Chevron Corporation is a partner in three joint ventures that have been given an interest in three greenhouse gas assessment licenses offshore Australia through its affiliate Chevron Australia Pty Ltd.
The blocks, which include three in the Carnarvon Basin off the coast of Western Australia’s north-west and one in the Bonaparte Basin off the coast of the Northern Territory, have a combined area greater than Belgium of more than 31,500 km2.
“Chevron has a unique set of capabilities and relationships to support the further deployment of carbon capture and storage in Australia,” said Mark Hatfield, managing director of Chevron’s Australia Business Unit.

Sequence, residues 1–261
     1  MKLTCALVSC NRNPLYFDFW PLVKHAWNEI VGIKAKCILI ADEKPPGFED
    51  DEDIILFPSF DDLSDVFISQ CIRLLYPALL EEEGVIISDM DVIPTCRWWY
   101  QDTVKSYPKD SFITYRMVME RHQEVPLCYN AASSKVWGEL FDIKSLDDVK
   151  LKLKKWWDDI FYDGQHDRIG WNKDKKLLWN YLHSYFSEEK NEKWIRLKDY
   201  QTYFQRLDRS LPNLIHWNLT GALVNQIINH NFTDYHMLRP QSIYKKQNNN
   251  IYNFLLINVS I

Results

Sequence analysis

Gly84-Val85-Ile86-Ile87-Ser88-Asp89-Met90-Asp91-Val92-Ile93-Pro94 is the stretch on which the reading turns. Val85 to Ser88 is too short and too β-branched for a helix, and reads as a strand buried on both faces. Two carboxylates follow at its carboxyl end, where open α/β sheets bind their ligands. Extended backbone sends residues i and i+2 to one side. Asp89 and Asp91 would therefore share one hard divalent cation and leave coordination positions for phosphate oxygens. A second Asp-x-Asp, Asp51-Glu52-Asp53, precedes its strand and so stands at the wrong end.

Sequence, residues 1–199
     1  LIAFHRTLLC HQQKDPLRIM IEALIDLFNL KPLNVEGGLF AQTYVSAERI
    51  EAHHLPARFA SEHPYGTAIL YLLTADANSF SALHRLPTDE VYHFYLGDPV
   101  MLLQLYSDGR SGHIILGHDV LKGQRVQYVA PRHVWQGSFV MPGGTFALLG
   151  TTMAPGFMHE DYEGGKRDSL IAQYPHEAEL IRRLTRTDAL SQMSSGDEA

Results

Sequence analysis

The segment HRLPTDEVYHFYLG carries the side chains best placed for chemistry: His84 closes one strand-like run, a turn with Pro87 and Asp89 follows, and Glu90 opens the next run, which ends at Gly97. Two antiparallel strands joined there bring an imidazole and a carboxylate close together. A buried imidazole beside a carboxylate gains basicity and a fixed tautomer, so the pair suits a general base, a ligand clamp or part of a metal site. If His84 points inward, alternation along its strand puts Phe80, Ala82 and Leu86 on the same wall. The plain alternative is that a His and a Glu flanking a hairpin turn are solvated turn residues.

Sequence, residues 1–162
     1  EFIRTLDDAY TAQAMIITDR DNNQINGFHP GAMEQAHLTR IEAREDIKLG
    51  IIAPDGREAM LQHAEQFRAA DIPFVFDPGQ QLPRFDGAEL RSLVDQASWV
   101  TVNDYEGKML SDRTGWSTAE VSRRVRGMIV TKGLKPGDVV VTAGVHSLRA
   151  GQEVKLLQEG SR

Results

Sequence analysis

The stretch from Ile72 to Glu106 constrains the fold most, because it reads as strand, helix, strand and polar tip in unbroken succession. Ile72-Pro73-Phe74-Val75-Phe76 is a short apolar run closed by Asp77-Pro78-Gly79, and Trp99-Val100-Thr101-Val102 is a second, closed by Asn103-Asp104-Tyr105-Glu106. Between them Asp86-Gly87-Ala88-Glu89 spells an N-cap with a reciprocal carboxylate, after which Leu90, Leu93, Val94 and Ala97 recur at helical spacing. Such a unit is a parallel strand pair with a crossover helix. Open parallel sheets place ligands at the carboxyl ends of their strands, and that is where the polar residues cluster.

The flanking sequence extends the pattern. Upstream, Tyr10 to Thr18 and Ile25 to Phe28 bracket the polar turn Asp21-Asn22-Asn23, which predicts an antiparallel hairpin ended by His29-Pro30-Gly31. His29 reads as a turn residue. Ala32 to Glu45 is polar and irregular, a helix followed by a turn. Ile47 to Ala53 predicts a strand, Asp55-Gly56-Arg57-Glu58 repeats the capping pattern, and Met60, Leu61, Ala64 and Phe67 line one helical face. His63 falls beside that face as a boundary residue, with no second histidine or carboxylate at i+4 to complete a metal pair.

Chevron is concentrating on carbon capture, utilization, and storage (CCUS), largely through hubs with third-party emitters as partners and consumers, renewable fuels, hydrogen, offsets, and other cutting-edge technologies as part of its global reduced carbon strategy.
“Under almost every scenario, CCUS is expected to be essential for meeting the net zero ambitions of the Paris Agreement and is poised to play a crucial role in reducing carbon emissions in hard-to-abate, energy intensive industries such as LNG, refining, petrochemicals, power, steel, and cement,” said Chris Powers, vice president of CCUS for Chevron New Energies.